There’s an early scene in the 1992 cult classic White Men Can’t Jump that Jeremy Lin – along with probably quite a few Asian American ballers – can relate to. The scene in question saw Woody Harrelson’s Billy Hoyle, supposedly just a spectator in the stands, being picked out by Sidney Deane (played by Wesley Snipes) to play for an opposing team simply because, Deane assumed, that Hoyle was a chump based on his skin color.
Lin told SFGate.com two years ago that growing up as a Chinese baller, he was always dismissed: picked last, deemed too short, and getting the MJ-first-All-Star-game freezeout treatment when he did played. Things got a bit better when he became captain of the Harvard team and led the Crimson to one of its better seasons in recent history. But still. It’s the Ivy League, many thought. “It’s a sport for White and Black people,” Lin said then.
All that changed for Lin when, on a cold December night, he dropped 30 points on UConn. Buzz about “that Chinese kid” started picking up, and soon profiles and features appeared on ESPN, Sports Illustrated, and even Time Magazine.
Over in Taiwan, where Lin’s parents hailed from, media frenzy snowballed – Lin’s relatives were sought out and interviewed. Asian American communities paid extra attention to the 6-3 kid, with fan sites and customized YouTube videos popped up all over the net. For other basketball diehards, it would seem Lin had pulled a Gilbert-Arenas-in-’06 or Anthony-Randolph-in-’09 type of overnight jump from underrated to overrated.
Lin went undrafted after graduation, but the Dallas Mavericks Summer League Team gave him a spot on the roster. Of course, the novelty of his skin color was a topic everywhere he went. It wouldn’t have been unreasonable to assume that was the sole reason for the invite.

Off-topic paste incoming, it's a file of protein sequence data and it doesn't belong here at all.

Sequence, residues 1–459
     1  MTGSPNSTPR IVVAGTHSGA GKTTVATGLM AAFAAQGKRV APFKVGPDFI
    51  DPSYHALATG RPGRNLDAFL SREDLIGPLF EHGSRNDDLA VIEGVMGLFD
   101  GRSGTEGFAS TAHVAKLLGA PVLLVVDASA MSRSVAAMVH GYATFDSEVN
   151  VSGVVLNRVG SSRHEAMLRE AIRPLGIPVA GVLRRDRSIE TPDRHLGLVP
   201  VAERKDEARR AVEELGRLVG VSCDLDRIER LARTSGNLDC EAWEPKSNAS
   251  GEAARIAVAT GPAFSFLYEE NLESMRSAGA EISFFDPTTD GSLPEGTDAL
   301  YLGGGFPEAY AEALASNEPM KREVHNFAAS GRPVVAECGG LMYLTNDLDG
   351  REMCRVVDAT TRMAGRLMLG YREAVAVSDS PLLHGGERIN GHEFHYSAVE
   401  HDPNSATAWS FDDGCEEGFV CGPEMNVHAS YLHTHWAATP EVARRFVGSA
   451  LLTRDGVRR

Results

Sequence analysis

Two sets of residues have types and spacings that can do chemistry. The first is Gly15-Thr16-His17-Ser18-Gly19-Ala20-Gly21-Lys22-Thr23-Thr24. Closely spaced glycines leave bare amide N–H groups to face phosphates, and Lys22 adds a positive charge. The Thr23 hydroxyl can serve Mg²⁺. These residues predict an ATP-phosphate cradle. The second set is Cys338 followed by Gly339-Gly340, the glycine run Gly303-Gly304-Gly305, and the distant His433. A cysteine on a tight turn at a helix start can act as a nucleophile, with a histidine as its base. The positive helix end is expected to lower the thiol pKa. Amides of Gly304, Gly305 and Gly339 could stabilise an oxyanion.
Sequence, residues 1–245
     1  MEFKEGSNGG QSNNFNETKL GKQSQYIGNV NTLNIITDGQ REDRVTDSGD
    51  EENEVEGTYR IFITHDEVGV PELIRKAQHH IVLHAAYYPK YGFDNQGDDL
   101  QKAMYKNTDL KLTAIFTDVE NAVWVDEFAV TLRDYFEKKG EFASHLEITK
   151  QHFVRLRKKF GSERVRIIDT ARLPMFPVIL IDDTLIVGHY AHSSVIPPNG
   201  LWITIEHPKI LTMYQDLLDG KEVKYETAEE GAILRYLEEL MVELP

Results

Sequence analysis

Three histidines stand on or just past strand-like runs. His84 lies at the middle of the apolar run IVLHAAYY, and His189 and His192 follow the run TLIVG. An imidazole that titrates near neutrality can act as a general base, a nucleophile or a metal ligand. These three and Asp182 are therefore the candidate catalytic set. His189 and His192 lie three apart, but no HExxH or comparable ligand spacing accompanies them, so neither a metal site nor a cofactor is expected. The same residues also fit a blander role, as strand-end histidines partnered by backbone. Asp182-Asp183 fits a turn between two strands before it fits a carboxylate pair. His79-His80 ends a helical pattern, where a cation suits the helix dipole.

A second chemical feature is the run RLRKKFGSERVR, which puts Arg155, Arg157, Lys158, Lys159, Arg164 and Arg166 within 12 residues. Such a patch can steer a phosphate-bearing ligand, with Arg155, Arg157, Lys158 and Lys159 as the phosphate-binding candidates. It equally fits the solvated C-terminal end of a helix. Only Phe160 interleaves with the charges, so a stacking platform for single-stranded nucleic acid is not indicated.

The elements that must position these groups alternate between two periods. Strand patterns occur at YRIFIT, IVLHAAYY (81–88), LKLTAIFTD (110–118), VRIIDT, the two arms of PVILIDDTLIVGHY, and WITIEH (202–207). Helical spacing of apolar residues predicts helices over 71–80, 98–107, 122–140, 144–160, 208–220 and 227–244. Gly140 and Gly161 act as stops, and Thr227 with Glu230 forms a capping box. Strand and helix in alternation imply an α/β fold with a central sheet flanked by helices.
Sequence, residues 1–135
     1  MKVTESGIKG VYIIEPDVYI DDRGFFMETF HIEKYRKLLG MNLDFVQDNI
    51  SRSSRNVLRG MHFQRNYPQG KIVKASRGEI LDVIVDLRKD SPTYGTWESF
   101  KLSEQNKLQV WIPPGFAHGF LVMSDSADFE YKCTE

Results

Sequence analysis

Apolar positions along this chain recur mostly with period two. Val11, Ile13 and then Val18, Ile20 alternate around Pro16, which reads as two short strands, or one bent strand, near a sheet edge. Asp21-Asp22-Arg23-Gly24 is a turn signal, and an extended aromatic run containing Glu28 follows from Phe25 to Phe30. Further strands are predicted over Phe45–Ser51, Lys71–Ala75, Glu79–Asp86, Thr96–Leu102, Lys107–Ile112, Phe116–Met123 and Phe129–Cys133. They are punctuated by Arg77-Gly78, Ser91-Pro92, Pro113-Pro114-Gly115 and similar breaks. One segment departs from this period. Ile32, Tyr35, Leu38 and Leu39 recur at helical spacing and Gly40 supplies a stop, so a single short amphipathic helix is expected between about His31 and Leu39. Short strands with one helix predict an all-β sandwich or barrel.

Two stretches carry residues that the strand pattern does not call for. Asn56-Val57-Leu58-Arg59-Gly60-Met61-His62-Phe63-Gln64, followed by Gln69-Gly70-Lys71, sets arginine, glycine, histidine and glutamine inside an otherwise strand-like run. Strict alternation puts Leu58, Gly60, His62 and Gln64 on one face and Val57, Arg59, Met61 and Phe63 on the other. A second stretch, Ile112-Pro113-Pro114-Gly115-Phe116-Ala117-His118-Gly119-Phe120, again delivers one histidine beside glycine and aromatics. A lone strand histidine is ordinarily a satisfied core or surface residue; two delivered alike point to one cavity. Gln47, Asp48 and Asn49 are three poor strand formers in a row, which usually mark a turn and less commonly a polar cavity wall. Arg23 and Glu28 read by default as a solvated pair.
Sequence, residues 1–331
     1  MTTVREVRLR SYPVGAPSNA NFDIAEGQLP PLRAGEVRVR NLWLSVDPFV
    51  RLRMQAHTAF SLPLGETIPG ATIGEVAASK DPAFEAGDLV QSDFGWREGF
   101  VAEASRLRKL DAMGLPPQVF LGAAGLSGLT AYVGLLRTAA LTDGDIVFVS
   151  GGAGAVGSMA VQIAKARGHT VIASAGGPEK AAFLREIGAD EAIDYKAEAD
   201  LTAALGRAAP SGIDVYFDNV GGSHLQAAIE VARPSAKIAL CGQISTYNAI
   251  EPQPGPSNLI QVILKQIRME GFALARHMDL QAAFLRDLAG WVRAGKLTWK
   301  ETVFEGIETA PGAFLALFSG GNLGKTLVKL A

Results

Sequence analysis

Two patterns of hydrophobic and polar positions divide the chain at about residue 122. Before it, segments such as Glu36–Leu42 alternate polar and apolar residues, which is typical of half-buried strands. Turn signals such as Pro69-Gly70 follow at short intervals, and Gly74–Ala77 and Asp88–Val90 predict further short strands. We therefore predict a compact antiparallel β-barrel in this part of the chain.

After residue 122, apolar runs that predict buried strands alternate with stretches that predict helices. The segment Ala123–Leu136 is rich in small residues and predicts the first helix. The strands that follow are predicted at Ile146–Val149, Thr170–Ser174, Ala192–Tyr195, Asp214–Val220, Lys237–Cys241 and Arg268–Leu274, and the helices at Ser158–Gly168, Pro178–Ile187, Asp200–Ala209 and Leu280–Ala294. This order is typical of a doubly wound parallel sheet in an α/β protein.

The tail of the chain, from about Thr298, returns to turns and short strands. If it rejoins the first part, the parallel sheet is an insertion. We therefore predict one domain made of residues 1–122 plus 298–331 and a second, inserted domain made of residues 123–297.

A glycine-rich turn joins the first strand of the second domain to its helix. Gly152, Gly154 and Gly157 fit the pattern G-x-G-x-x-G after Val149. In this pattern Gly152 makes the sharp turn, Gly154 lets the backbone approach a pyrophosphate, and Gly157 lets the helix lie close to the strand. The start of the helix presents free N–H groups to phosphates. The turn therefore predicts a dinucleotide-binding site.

But it all changed again, for a second time, when Lin dueled No. 1 pick John Wall and more than held his own during a summer league game. The buzz started again, could Lin make the NBA? After a few more solid performances, Lin defied the odds and signed with the Golden State Warriors on July 20, 2010.
For Taiwanese basketball fans, Chinese-American ballers, and hell, just about all Chinese in general, Lin making it to the NBA is a big deal. It’s not just the fact that a Chinese dude is balling against the best in the world… it’s how he’s doing it. Most Asian faces in the NBA before him were hulking giants who made the League almost exclusively due to their height. The fact that Lin is doing it with explosive drives, smooth handles, pesky defense, and – a true rarity for Asians – dunks, brought a sense of pride and enthusiasm, to the Chinese.
The stereotype that Chinese are generally inferior athletes in America is the elephant in the room that mainstream media can’t tackle. But on blogs, and in conversation between friends, Lin making it to the League is widely considered as the first attempt to kick that elephant out.
But can he? While many in the Asian American community have taken the signing with a sense of pride, most notably the Banana Times’ Why Jeremy Lin Matters blog entry (selected by Yahoo Sports’ Ball Don’t Lie as one of the 10 best basketball blog entries of the week recently), there are skeptics. William Vuong, a 28-year-old former basketball standout at Alhambra High School in California, says Lin’s signing is a gimmick.